As county attorney, Kirsten H. Pabst serves as the chief elected prosecutor for Missoula County. After graduating from the University of Montana School of Law, she served as a prosecutor for 17 years, specializing in major and complex crimes, and then managed a private law practice for three years. She supervises 20 attorneys, serving multiple law enforcement agencies and county departments. She frequently speaks, lobbies, writes and testifies on topics including domestic violence, sex crimes, child abuse and analytical advocacy for prosecutors.
Kirsten has been a frequent lecturer for organizations such as the National College of District Attorneys, the National Advocacy Center (America’s training center for prosecutors), the UM School of Law, the Montana Law Enforcement Academy, the Montana County Attorneys Association, Women in Law Enforcement chapters, as well as local schools and victim advocacy groups.
Kirsten enjoys time with her family and, when time allows, horseback riding, making art, climbing mountains and training for the annual Missoula (half) Marathon.
Nicole "Cola" Rowley
Cola was born and raised in Sidney, Montana, to a small business owner and a teacher. She received her bachelor’s of science in biology from Dickinson State University in North Dakota. While there, she met her husband, who was serving in the United States Marine Corps. From North Dakota, she went on to earn a Ph.D. in pharmacology and toxicology at the University of Utah before heading back to Montana to work as a postdoctoral fellow at Rocky Mountain Laboratories in Hamilton.
Cola felt a desire to work in a position that had a more direct impact on the community. She became the health and nutrition manager for Ravalli Early Head Start, which fostered her interest in public health and community services. She then earned a position as an environmental health specialist with the Missoula City-County Health Department while teaching as an adjunct instructor at the Missoula College/Bitterroot College.
Cola is happy to be home in Montana. She enjoys reading, hiking, cross-country skiing and playing volleyball and softball. Most of her free time, though, is spent cooking, cleaning, and raising her young daughters with her wonderful husband, Steve.
Cola was elected to her first term as Missoula County commissioner in November 2014. She will be up for re-election in 2020.
Dave Strohmaier and his wife, Gretchen, have called Missoula County home since 1997. Prior to being elected to the Board of County Commissioners, Dave worked for 18 years with the Bureau of Land Management and U.S. Forest Service in a variety of roles (primarily as a wildland firefighter), and 13 years in the private sector as a historian with Historical Research Associates Inc., where he specialized in environmental and Native American history. Since 2015, he has been a partner in a digital technology firm called Three21 Innovations, which focuses on digital solutions for the humanities.
Dave holds an undergraduate degree from Seattle Pacific University in religion-philosophy and graduate degrees from Yale Divinity School (M.A.R., 1995, philosophy of religion) and the University of Montana (M.S., 1999, environmental studies). He is a published author, having written two books on the subject of fire in the West: The Seasons of Fire (2001, University of Nevada Press) and Drift Smoke (2005, University of Nevada Press). With his background in fire management, he remains interested in fire ecology and the challenges of learning to live in landscapes that are adapted to fire.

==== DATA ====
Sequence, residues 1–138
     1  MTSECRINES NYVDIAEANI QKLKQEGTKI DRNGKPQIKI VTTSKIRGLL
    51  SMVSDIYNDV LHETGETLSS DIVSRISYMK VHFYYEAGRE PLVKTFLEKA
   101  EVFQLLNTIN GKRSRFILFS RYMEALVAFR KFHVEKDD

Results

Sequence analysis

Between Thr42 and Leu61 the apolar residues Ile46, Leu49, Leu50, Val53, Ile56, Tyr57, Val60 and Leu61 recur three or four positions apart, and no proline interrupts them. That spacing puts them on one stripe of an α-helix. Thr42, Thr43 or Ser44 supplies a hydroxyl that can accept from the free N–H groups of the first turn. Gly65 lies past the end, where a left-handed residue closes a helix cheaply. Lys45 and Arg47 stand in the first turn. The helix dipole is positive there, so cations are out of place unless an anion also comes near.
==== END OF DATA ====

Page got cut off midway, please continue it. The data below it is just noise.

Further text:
From 2006 to 2013, Dave represented Ward 1 on the Missoula City Council, where he chaired both the Public Safety and Health and the Parks and Conservation committees. He also served on the Missoula Public Art Committee, the Mayor’s Downtown Advisory Commission, and the Downtown Master Plan Implementation Committee. Some of the initiatives that he advocated for include human rights, energy conservation, passenger rail and downtown revitalization.
Outside of serving in local government, Dave enjoys big game hunting, fishing, writing and spending time in the backcountry with his wife, son and daughter.
Dave will be up for re-election in 2022.
Josh Slotnick moved to Missoula from Grand Forks, N.D., when he was 18 to attend the University of Montana, where he earned a philosophy degree. He then served in the Peace Corps in Thailand before furthering his education, first with a certificate in ecological horticulture from the University of California-Santa Cruz, and then by earning a master’s degree in agricultural extension from Cornell University.
Josh has been farming in Missoula with his wife on their family farm since 1992. In 1996, he co-founded Garden City Harvest and the PEAS Program in the Environmental Studies Program at UM. These entities have grown considerably since, and Josh's work, with many partners, has been well recognized. Josh also lectured at UM and received three awards from the university for service to students.
He has served on many voluntary boards of directors in Missoula, including the Missoula County Weed Control Board, the Missoula Consolidated Planning Board, Homeword, AERO and the Missoula Farmers Market. He has written articles, essays, book chapters and one book.
Josh’s family is his greatest source of pride: his wife, Kim who runs their family farm, Clark Fork Organics in the Orchard Homes area, and their kids, Quinn (25), Sophie (21) and Tasha (18).
Josh was elected to his first term as commissioner in 2018 and will be up for re-election in 2024.